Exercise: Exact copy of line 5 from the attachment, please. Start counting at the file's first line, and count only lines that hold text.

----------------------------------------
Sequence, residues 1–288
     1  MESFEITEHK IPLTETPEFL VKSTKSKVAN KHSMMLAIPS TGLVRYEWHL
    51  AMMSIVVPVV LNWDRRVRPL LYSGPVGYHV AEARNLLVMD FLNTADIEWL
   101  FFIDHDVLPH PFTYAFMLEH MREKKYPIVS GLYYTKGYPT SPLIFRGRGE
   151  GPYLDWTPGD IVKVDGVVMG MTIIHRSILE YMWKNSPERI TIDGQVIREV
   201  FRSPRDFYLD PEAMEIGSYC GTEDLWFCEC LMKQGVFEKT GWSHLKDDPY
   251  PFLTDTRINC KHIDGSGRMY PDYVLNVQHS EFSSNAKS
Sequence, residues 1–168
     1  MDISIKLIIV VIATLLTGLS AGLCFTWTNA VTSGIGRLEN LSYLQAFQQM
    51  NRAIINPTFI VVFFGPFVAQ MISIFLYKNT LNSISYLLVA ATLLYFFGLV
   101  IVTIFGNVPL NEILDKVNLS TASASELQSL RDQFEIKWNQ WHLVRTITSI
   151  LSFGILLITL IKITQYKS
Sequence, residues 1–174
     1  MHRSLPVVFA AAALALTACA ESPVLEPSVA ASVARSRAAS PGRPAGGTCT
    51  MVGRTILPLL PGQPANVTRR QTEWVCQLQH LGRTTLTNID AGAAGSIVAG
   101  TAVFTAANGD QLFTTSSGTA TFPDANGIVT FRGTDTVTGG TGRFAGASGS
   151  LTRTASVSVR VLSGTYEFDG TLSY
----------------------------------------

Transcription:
   151  GPYLDWTPGD IVKVDGVVMG MTIIHRSILE YMWKNSPERI TIDGQVIREV